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On 1 January 1998, Norway had 4,417,600 permanent residents. In 1997 the population increased by 24,900. Since 1988 the number of inhabitants has increased by 219,000. This five per cent increase is far from evenly distributed among the individual age groups, and the age profile has considerable regional differences. The highs and lows from the age composition in 1988 have propagated in waves visible today 10 years later. At the same time, the population has been topped up by new citizens through births and net immigration to Norway, while the older age groups are gradually dying off.
Big changes have taken place in the age composition of Norway's population over the past 10 years. The number of 30 year olds has peaked, causing a temporary baby boom. At the same time the number of 50 year olds has peaked.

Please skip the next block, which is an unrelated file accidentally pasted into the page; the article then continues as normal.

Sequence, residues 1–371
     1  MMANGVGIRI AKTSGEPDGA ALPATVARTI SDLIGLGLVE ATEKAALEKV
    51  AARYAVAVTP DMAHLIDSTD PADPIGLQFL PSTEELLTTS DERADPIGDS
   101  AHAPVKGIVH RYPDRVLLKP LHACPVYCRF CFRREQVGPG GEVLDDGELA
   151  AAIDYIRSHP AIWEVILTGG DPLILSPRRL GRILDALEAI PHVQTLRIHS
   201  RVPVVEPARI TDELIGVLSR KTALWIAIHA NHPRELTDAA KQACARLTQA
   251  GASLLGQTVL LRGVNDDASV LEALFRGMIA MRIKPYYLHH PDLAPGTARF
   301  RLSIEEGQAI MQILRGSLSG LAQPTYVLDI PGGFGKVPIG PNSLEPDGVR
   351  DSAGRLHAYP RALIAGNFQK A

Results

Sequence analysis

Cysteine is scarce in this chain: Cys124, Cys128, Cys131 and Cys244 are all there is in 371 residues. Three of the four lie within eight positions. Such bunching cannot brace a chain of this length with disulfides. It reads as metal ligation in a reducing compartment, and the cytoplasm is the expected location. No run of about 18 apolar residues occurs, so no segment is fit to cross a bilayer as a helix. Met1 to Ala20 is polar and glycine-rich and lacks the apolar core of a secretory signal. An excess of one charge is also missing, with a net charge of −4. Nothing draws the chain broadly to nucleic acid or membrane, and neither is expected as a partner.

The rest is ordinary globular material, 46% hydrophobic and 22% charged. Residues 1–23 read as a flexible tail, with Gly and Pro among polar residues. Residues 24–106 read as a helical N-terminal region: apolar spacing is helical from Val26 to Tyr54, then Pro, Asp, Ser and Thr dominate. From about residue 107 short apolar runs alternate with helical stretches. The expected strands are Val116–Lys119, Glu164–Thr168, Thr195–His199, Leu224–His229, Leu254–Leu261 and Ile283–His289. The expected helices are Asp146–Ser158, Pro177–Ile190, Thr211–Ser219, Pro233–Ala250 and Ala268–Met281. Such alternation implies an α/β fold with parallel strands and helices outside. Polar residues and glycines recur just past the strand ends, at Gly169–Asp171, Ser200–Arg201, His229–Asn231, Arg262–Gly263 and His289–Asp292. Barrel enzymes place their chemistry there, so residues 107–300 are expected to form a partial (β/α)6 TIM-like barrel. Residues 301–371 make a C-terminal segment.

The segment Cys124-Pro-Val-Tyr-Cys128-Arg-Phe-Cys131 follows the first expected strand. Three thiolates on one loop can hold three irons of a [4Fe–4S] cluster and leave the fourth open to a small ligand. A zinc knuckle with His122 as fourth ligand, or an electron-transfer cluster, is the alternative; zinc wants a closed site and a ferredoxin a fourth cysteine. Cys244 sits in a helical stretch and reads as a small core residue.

Through immigration, the cohort (age group) of 18- and 19-year-olds from 1988, which constituted one of the largest segments of the population that year, has grown into an even larger segment today of 30 year olds. This surge of people in their most active age is in turn producing a wave of small children behind today's modest sized youth cohorts. But the number of potential parents will now begin to sink year by year, producing fewer births in the years to come. People making up another one of the largest segments in 1988, 40-year-olds, are now 10 years older. Today, however, the age groups of people in their 50s are starting to decline: At this stage the number of years lived has the visible effect of producing higher mortality. The crest, which culminated in the cohort of 67-year-olds 10 years ago, has now subsided and has flattened out in the interval between 60 and 77 years of age.
Weekly Bulletin issue no. 20, 1998